Hi Silvain, The reaction for Pyrite in the LLNL dataset, thermo.tdat, is shown below: Pyrite + H2O = Fe++ + 1.75 HS- + .25 SO4-- + .25 H+ You’ll notice that the reaction is written in terms of the basis species SO4-- and the redox species HS- because the oxidation state of sulfur in pyrite is between that of SO4-- and HS-. When the reaction gets loaded into an app like Rxn, SpecE8, or GSS, though, it’s rebalanced to be in terms of the basis species only: Pyrite + H2O + 3.5 O2(aq) = Fe++ + 2 SO4-- + 2 H+ This is because each of the apps assume that redox coupling reactions are enabled by default. In any case, to be able to calculate a saturation index for a mineral like pyrite, you need a way to constrain every species in the reaction. So in addition to adding Fe++ and SO4-- to your spreadsheet, you need to add O2(aq) (or Eh or pe), as well as pH. In this case, the concentration you set for the SO4-- component should represent all the sulfur in the system. The program uses the oxidation state you supply to find the equilibrium distribution of mass between sulfate and sulfide species. You can alternatively decouple HS- from SO4-- to set up a disequilibrium model. This is done from the Config > Redox Couples dialog in Rxn and SpecE8, and from Data > Redox Couples in GSS. Alternatively, simply adding the redox species HS- to your spreadsheet triggers HS- to be decoupled from SO4--. In this case, you don’t need to supply a measure of oxidation state, but you do need to provide separate measurements for the SO4-- and HS- entries. Hope this helps, Brian Farrell Aqueous Solutions LLC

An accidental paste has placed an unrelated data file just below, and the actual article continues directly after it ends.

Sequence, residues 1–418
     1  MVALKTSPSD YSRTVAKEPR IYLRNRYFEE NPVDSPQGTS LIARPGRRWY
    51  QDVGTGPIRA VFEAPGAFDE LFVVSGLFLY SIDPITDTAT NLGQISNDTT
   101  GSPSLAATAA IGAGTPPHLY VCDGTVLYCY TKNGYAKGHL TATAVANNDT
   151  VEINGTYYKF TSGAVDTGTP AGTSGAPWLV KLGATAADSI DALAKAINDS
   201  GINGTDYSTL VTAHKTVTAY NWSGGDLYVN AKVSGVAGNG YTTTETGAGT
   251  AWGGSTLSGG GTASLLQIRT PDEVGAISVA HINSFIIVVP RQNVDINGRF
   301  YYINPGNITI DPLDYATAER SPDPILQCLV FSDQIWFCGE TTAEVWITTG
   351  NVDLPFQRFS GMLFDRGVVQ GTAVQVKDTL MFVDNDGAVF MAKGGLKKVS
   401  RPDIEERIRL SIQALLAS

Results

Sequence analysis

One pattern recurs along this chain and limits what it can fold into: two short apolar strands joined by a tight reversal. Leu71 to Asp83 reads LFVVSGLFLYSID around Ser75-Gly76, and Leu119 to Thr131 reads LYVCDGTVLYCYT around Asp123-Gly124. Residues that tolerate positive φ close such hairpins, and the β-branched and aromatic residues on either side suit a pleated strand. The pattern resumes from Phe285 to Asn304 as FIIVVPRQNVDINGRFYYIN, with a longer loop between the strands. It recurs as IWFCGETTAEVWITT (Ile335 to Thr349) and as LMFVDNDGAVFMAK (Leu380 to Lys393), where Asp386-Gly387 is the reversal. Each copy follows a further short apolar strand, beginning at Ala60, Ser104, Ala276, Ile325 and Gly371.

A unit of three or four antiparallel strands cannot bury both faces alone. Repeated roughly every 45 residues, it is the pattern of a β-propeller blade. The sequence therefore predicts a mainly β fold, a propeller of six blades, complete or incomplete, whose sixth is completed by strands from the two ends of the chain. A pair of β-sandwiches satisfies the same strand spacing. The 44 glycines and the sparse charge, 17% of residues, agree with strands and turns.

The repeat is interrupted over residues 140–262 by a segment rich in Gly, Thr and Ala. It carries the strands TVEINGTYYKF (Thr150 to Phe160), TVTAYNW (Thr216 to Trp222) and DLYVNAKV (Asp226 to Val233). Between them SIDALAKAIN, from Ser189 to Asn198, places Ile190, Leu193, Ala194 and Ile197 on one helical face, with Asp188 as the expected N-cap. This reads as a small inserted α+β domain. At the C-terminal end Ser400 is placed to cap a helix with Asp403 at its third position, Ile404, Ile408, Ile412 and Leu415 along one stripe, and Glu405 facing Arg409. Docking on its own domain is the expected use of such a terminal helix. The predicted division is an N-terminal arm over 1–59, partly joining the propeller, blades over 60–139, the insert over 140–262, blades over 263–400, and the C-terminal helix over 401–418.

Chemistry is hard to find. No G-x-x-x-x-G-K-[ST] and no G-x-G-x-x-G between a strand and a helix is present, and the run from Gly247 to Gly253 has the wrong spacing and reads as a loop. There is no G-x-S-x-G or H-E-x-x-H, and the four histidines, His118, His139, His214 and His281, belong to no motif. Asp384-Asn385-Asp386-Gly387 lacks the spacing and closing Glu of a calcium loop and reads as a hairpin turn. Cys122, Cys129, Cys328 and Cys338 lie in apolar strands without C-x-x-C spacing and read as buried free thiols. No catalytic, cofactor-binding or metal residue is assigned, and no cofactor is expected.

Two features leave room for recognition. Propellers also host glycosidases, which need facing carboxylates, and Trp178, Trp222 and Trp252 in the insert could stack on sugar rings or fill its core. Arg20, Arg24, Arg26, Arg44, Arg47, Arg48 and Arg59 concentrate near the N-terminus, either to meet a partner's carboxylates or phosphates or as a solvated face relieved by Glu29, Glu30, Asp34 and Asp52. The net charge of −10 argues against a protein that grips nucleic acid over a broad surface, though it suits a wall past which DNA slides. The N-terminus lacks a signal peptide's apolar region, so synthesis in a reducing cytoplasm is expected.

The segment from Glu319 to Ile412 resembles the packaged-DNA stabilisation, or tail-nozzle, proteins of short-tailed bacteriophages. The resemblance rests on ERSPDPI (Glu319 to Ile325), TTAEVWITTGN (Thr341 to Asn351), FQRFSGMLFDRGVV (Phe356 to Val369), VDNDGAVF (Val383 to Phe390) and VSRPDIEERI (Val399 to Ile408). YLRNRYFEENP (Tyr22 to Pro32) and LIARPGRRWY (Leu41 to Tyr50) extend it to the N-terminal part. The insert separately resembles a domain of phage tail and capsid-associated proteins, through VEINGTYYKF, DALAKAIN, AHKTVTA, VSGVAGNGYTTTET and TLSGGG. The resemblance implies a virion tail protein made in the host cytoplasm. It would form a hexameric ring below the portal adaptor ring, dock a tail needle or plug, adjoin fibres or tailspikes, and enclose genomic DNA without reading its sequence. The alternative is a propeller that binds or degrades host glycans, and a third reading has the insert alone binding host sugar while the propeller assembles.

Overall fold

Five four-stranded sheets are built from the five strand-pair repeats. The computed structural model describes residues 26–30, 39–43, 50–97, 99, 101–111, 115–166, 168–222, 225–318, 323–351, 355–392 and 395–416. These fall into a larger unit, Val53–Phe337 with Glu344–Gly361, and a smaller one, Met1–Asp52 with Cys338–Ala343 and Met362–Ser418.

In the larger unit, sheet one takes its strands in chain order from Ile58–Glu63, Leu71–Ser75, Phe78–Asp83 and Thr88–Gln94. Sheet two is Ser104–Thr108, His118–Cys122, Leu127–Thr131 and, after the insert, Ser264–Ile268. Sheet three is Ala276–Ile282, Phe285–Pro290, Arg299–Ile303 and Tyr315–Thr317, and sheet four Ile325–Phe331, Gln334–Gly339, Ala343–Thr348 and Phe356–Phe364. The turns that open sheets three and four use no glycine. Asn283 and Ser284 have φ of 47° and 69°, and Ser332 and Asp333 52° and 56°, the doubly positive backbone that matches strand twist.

16. Jia Wang

    How can i make the sorption isotherm?

    Hello Jeonghwan, To simulate sorption in GWB, prepare a surface dataset for the ion of interest. You can refer to section 2.5 for more information on the various sorption models in GWB Essentials Users Guide and section 9.2 for more information on how to edit or create new surface datasets. Using React, you can set up a simulation to titrated the ion of interest into a system and observe the mass of ion sorbed based on the sorption model (Kd, Freundlich, Langmuir) of your choice. Note that for the Kd and Freundlich approach, you would need to completely specify mineral mass, including both equilibrium and kinetic minerals as well as any inert volume. You can do so by setting a low concentration of the ion in interest in the basis pane and then in the Reactants pane, select ‘add’ --> ‘Simple’ --> ‘Aqueous’--> name of species. Enter the total quantity you want to titrate in through the simulation and run the simulation. Plot the amount of ions in solution vs. the total concentration of ions sorbed from your simulation. Note that mass of ions sorbed per unit of solid mass is not a unit you can select in Gtplot. To convert to mass of ions sorbed per mass of soil, I would recommend copying the total sorbed mass from each simulation and divide by the total mass of soil in excel or a similar program. You can then replot your results in the desired units Hope this helps. Best Regards, Jia